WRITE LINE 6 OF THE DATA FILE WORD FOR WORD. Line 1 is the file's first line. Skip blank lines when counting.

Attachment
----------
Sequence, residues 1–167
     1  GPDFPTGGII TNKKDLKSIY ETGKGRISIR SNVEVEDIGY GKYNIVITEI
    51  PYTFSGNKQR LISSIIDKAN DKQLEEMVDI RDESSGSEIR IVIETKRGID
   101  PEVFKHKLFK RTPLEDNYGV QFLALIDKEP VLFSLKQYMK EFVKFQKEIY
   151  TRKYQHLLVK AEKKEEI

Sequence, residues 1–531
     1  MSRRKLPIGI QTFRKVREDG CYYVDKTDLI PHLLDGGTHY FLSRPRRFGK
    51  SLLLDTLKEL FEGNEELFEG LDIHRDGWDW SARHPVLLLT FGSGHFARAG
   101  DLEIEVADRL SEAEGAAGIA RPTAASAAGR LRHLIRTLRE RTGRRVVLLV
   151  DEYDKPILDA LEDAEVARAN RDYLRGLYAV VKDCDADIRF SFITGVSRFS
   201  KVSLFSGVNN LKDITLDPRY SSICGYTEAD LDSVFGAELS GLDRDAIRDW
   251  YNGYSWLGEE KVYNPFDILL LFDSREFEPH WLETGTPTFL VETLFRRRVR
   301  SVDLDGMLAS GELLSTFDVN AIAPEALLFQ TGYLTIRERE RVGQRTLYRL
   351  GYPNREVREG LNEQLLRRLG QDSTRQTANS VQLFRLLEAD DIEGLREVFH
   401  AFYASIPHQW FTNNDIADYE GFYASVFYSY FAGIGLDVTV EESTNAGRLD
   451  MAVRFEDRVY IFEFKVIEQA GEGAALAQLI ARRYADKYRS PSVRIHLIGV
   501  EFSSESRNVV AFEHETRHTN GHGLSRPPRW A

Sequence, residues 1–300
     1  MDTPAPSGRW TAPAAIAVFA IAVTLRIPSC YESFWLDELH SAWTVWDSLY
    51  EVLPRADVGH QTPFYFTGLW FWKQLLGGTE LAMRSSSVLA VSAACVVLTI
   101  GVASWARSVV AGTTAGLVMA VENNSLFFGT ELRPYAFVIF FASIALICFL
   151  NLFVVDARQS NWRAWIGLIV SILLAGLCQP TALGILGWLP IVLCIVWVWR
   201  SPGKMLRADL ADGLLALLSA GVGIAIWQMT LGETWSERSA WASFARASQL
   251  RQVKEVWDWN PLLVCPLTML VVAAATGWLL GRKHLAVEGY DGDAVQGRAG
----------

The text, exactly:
Sequence, residues 1–531